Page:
Protecting Big Data Through Microaggregation Technique for Secured Cyber-Physical Systems

Protecting Big Data Through Microaggregation Technique for Secured Cyber-Physical Systems

Shakila Mahjabin Tonni (East West University, Bangladesh), Sazia Parvin (Melbourne Polytechnic, Australia), Amjad Gawanmeh (Khalifa University, UAE) and Joanna Jackson (Melbourne Polytechnic, Australia)
Copyright: © 2018 |Pages: 22
DOI: 10.4018/978-1-5225-5510-0.ch005


Secured cyber-physical systems (CPS) requires reliable handling of a high volume of sensitive data, which is in many cases integrated from several distributed sources. This data can usually be interconnected with physical applications, such as power grids or SCADA systems. As most of these datasets store records using numerical values, many of the microaggregation techniques are developed and tested on numerical data. These algorithms are not suitable when the data is stored as it is containing both numerical and categorical data are stored. In this chapter, the available microaggregation techniques are explored and assessed with a new microaggregation technique which can provide data anonymity regardless of its type. In this method, records are clustered into several groups using an evolutionary attribute grouping algorithm and groups are aggregated using a new operator.
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With the growing use of cloud computing technology, a new generation of SCADA systems (, SCADA, 2017) is emerging that is incorporating new technologies. Many CPS require continuous communications accessing big data. In addition, several CPS applications, such as power grid, and SCADA systems impose high reliability, security and availability. Moreover, possibilities of physical or cyberspace intrusions may lead to exposure of sensitive data. Therefore, protecting data in critical CPS applications should be considered a priority.

Increasing utilization of cyber-physical systems is opening new possibilities of enormous impact on the society and economy. Many CPSs are now trying to enhance its capability using evolving cloud (Zhang, Qiu, Tsai, Hassan, & Alamri, 2017) and distributed technology (Jaskolka & Villasenor, 2017), where different types of sensitive data are collected. Although, it can be said from the past experiences, most of the attacks on CPSs are physical or environmental in nature (Frey, Rashid, Zanutto, Busby, & Follis, 2016), there are evidences of cyber-attacks on ICS (Industrial Control System). For instance, Stuxnet (, Stuxnet, 2017) is a worm that caused considerable damage to Iran's nuclear program by intercepting both sensor and actuator data, and tampering the centrifuge. According to (Martínez, Sánchez, & Valls, 2012), the wide use of CPSs from medical devices to smart cars, CPS security is crucial due to the vulnerabilities of the legacy systems that are used to build them. So, in such contexts, securing control data produced by the systems is highly needed. Secured controlled data can be protected by using widely used data microaggregation techniques. Microaggregation is a technique massively used as a mean of statistical disclosure control (Domingo-Ferrer J. &.-S., 2002). The main idea is to group and then apply an aggregation operator on microdata (Kabir & Wang, 2011), (Martínez, Sánchez, & Valls, 2012) to produce a confined record. In this chapter, we discuss different microaggregation techniques and assess the usefulness of our new microaggregation algorithm proposed in (Tonni, Rahman, Parvin, & Gawanmeh, 2017) for CPSs.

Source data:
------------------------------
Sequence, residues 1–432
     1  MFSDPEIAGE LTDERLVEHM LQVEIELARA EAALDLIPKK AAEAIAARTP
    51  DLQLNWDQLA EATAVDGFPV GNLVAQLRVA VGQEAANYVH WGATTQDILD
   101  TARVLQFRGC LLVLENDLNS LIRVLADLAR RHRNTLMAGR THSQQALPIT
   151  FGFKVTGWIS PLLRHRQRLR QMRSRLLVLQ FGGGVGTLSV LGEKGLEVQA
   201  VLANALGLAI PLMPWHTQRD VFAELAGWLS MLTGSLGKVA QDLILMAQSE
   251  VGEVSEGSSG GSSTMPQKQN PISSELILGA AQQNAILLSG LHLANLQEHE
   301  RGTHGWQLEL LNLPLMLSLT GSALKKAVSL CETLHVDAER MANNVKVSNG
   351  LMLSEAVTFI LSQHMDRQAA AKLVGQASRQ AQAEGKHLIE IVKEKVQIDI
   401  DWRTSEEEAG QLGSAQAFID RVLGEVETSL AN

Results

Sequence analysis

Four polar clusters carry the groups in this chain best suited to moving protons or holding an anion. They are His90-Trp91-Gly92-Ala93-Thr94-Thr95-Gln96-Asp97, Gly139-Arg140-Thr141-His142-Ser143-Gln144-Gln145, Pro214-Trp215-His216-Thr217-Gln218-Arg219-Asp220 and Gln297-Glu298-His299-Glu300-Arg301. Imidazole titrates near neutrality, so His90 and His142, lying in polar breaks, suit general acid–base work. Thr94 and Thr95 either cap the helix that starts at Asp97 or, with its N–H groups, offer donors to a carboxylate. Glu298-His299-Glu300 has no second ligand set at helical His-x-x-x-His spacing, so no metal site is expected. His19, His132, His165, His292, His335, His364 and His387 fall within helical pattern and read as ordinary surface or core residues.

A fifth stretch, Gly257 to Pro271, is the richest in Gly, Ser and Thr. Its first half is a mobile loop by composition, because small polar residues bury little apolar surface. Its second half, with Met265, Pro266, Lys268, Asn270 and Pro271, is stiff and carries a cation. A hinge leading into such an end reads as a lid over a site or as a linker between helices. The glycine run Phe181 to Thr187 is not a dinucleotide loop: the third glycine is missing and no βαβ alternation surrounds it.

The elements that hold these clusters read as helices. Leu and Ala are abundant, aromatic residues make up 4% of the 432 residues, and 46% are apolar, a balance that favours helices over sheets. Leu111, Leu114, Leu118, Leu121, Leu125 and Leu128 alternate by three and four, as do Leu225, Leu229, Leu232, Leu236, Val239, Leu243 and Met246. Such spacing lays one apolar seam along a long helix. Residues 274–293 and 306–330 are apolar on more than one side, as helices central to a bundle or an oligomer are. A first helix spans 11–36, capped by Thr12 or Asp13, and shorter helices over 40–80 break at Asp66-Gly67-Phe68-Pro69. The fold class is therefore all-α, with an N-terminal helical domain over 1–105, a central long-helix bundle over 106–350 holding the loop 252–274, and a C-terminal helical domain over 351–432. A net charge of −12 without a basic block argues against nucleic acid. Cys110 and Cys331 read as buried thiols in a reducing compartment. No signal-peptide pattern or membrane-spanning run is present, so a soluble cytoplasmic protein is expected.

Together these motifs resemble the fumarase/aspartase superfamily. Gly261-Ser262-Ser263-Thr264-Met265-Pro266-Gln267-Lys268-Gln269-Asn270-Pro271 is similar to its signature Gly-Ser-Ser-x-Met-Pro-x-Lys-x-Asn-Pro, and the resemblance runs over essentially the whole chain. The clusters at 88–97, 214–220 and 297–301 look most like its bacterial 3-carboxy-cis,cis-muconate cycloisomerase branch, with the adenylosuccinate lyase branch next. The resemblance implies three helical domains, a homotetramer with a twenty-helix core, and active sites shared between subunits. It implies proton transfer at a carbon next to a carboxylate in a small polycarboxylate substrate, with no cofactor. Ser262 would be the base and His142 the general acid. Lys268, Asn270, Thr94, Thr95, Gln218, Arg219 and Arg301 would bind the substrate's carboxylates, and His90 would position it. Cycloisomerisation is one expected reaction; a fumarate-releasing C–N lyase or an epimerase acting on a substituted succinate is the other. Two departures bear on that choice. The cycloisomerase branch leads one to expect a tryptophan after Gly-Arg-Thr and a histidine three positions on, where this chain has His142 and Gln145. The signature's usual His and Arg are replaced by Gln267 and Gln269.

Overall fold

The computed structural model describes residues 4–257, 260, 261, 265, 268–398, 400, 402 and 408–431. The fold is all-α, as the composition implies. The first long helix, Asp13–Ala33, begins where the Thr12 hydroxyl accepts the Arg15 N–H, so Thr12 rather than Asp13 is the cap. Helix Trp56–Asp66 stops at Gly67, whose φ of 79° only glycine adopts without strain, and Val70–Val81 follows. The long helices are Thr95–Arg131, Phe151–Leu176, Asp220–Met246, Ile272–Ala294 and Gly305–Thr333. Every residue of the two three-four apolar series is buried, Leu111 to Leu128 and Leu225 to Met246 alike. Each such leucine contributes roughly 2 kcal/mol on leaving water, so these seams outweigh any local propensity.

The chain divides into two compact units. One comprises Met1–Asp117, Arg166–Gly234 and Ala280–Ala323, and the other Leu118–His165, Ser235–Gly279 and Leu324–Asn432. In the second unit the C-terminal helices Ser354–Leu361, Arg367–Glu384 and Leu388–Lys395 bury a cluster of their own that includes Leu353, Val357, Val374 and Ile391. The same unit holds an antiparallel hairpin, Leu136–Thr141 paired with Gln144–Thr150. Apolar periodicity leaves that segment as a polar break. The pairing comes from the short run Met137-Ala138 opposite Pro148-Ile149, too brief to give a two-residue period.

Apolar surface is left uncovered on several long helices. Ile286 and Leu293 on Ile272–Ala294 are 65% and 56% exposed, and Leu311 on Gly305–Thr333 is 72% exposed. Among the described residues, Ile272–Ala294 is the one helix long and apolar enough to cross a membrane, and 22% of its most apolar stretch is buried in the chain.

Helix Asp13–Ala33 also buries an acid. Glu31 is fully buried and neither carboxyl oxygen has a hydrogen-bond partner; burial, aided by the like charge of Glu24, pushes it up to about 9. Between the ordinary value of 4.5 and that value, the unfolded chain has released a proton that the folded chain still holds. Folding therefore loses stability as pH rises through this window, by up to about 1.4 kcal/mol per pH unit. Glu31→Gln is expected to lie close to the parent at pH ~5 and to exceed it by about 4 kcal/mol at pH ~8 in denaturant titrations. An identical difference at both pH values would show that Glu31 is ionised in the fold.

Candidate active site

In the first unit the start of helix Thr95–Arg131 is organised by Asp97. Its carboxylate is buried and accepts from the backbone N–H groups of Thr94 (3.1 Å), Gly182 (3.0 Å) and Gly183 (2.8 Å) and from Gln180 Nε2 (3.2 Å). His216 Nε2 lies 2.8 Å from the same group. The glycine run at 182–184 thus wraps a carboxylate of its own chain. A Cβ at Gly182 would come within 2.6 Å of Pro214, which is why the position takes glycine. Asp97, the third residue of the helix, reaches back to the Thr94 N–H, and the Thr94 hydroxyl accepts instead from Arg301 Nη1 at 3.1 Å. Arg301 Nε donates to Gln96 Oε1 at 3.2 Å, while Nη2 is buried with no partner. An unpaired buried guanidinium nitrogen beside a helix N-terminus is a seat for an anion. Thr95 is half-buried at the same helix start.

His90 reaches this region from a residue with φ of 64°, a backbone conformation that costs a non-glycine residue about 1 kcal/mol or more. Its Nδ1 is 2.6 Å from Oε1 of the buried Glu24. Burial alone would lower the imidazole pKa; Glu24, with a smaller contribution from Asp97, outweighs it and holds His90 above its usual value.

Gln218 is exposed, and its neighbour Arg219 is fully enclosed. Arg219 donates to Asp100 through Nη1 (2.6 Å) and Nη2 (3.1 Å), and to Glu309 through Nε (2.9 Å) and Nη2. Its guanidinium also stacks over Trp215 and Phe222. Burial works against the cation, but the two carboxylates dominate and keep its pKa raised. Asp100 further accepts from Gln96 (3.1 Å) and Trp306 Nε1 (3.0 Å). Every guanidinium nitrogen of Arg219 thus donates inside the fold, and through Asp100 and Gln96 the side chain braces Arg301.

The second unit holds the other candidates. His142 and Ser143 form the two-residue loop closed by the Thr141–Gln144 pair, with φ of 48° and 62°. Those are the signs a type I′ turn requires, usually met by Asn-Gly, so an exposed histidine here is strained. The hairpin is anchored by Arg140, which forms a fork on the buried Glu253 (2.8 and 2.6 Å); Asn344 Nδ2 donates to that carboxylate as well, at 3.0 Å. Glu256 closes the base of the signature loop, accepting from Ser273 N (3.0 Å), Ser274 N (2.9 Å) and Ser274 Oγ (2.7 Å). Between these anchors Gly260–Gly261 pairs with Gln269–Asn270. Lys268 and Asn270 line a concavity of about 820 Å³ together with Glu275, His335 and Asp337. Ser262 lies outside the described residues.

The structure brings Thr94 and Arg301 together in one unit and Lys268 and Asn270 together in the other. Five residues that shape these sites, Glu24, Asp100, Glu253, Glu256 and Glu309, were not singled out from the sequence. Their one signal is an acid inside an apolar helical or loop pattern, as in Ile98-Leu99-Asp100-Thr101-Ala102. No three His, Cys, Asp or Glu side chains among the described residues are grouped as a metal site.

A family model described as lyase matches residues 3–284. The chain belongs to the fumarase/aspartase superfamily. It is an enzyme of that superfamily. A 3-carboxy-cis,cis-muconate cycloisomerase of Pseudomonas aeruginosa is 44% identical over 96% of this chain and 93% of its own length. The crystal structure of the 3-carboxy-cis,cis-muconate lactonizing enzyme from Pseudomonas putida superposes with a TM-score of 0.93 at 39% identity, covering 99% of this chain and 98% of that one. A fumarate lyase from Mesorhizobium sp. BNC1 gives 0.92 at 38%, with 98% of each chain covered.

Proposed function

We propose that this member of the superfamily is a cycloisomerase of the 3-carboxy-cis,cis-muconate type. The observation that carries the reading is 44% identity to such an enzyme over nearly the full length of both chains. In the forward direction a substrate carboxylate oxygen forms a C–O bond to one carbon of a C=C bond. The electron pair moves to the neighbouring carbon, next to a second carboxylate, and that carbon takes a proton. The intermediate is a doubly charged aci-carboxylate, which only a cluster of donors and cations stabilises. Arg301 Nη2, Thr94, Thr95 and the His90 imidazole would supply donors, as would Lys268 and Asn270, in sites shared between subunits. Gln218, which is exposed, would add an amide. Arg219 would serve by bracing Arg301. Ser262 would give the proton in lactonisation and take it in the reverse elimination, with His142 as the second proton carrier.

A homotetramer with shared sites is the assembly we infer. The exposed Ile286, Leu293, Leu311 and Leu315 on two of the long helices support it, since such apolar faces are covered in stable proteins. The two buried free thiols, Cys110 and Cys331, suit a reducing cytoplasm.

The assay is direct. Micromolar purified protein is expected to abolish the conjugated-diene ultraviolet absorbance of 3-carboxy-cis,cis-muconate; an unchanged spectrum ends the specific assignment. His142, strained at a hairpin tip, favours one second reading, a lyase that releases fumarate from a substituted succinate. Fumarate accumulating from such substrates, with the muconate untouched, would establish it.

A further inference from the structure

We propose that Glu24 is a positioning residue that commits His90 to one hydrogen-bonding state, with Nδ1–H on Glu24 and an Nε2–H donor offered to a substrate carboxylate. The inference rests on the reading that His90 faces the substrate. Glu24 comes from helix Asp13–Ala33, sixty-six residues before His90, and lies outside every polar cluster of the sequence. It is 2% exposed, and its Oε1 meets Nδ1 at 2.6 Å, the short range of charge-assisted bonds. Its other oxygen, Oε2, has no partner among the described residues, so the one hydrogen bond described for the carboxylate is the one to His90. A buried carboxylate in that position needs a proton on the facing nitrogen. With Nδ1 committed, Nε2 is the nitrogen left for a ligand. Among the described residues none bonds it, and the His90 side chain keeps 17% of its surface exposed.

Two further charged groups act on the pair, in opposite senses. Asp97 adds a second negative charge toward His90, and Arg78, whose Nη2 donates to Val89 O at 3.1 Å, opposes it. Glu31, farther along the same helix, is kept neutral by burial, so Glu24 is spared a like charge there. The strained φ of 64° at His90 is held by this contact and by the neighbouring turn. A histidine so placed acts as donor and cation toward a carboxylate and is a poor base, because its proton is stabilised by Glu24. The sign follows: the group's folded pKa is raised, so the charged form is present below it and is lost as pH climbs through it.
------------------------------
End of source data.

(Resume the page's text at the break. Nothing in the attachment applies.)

To serve the purpose of protecting data privacy, numerous techniques are introduced for privacy in statistical databases that are collectively known as Statistical Disclosure Control (SDC). Data protection methods can be divided into two categories:

  • Perturbative: In these methods, the actual data set is altered using some technique like noise addition, and the deformed new data set might have some fake information. Naturally, it introduces new sets of attribute values while losing a few. The generated data set cannot be matched with the real data set. Therefore, it protects the dataset by preventing external intrusion. Among all the other methods k-anonymity and microaggregation techniques are highly studied.

  • Non-Perturbative: Protection is achieved through replacing an original value by another one that is not incorrect but less specific. For example, we replace a real number by an interval. In general, non-perturbative methods reduce the level of detail of the data set. This detail reduction causes different records to have the same combinations of values, which makes disclosure difficult to intruders.

Either way, the target of SDC is to produce a dataset in such a way so that the risk of re-identification of some sensitive data is low and produces same or close results when statistical techniques are applied on the newly generated data set.

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